Deal market should prepare for tech-driven disruption, dealmaker says

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The growing influence of technology-driven disruptions on the deals market means legal professionals must ensure they are prepared, said Connell O’Neill, Allen & Overy partner.

“Technology-driven disruption is impacting global M&A in a multitude of ways. The deal market should prepare for an acceleration in this disruption and an accompanying rise in venture, partnerships and buy-out transactions in the months and years ahead,” the Sydney-based dealmaker said.

The comments come after the release of the Allen & Overy M&A Insights Q1 2019 report, which found that there was a 23% year-on-year drop in global deal value in the first quarter. The global firm also saw an increase in auction activity in the quarter, continuing the trend it saw last year when over half of its private M&A deals were conducted via auction.

Australia saw growth in direct foreign investment, but the trend comes as foreign investment regimes are getting tougher, including in the country. Allen & Overy recently found an increasingly taxing regulatory landscape for cross-border M&A. It said that regulators around the world are more closely watching M&A activity, with Australia specifically applying a broader national-interest test.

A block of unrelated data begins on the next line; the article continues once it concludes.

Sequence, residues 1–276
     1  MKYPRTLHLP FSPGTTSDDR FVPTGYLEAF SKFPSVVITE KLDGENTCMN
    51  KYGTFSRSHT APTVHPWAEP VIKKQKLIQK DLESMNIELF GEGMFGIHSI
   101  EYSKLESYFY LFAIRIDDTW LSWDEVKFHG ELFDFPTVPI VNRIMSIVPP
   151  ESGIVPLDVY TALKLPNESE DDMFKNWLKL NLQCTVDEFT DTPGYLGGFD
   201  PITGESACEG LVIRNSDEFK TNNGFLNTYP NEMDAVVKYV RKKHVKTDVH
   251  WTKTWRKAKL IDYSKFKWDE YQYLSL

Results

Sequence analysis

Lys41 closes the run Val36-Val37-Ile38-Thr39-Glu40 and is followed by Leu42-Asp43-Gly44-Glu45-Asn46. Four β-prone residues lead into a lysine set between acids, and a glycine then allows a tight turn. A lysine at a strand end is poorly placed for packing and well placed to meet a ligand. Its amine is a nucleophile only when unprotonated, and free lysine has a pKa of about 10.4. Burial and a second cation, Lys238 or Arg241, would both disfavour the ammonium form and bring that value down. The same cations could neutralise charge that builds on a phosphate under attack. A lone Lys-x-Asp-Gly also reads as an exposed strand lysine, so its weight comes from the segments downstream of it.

In the first quarter, Australia, like China and the European Union, ended the merger review process, saying that it was taking too long. This highlights the need to streamline the process, the firm said.

O’Neill said that the deals space should see transactions driven by established businesses looking to meet changing customer needs and achieve optimal operational efficiency.

“For these businesses there are three key options – buy, build, or collaborate. This can mean anything from building their own platform, approaching an early-stage business for buy-in, or partnering with a company successfully implementing tech processes and collaborating to work towards a successful digitisation,” he said.

“While transactions supporting the digital transformation of a well-established business tend to be complex, many businesses hoping to stay in touch with customers in a fiercely competitive environment are realising they have no option but to make these investments,” O’Neill said. “In the meantime, the tech giants are steadily expanding into new markets and new sectors, seeking new investments to put their platforms at the heart of emerging business ecosystems. We’ve seen this from the Silicon Valley giants for some time; the ones to watch now are significant pan-Asian players.”

Connell O’Neill